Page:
If the thought of pushing a tiny human out of your vagina freaks you out just a bit, well, you’re definitely not alone. But know this: Harboring labor fear could make the dreaded delivery last even longer. In fact, Women who fear childbirth spend 1 hour and 32 minutes longer in labor than women who don’t, says a new European study.
See more: How to Have a Shorter Labor
A small amount of labor fear is completely natural. But some women feel more than just nerves when anticipating the big moment, and this can adversely affect their labor time. “We don’t know why this is, but we have two theories,” explains the study’s lead author, Samantha S. Adams, MD, a researcher at the Health Services Research Centre of Akershus University Hospital in Lorenskog, Norway. One theory involves increased amounts of stress hormone (epinephrine) in fearful women, which may weaken uterine contractility and prolong labor. The other? “Poor communication between the fearful woman and the obstetric staff, which can negatively affect the labor process,” says Adams.
How to ease labor fear
Happily, there are a few things moms-to-be can do to cope with labor fear. Consider the following:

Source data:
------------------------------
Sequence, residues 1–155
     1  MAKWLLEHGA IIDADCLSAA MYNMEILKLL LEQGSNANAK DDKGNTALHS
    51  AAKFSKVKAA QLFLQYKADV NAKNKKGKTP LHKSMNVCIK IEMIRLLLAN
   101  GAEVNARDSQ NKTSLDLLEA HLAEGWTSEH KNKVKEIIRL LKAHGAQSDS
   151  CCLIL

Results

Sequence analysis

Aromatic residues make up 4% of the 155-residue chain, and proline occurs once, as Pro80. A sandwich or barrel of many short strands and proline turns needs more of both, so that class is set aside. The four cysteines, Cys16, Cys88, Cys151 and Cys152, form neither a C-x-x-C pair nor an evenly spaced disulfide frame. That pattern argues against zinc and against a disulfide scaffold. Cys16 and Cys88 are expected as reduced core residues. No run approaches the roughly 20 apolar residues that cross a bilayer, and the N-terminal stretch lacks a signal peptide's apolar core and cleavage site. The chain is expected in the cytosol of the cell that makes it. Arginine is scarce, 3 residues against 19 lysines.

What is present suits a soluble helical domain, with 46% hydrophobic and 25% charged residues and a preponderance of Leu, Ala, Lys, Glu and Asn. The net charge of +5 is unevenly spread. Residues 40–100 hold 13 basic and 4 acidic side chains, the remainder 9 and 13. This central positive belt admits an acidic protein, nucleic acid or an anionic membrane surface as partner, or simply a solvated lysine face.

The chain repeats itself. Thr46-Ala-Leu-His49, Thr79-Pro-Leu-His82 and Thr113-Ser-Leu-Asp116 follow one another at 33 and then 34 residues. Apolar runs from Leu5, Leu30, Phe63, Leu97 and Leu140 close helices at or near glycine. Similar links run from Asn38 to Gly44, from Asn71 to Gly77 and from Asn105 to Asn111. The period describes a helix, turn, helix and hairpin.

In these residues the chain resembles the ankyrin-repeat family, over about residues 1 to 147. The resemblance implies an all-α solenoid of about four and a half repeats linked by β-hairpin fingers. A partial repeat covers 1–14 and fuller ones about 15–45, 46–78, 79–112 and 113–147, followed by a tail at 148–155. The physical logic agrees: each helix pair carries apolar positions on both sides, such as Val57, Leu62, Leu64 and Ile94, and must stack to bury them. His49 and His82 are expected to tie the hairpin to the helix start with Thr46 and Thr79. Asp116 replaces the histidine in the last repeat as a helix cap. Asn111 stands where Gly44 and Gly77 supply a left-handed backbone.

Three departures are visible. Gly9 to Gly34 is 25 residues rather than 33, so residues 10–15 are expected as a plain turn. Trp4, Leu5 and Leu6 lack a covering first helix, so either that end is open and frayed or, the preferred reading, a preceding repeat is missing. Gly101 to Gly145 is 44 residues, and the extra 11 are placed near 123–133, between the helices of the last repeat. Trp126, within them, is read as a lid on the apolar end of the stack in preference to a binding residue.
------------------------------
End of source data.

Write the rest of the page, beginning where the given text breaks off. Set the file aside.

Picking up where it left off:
Hire a doula or midwife.
Don’t go it alone. According to a new Cochrane Summaries report, research on more than 15,000 women found that those who received continuous labor support felt more competent and in control, were less likely to use pain medications, were more satisfied and had shorter labors. (Plus, their babies were less likely to have low five-minute Apgar scores.)
Support can be provided by your partner, mother, or friend. But the study found that support from someone who is experienced in labor assistance—such as a doula or midwife—was the most beneficial in easing labor fear.
See more: Should You Hire a Doula?
Share your fears before the birth.
Talk about your labor fear (and any other concerns) with your ob-gyn. She’ll suggest a private tour of the labor and delivery department, special childbirth classes or referral to a women’s health therapist. “We don’t want women to be fearful when giving birth,” says Thompson. “Talk to your ob-gyn so she can help manage your fears and improve how you’re feeling.”
See more: Five Childbirth Questions, Answered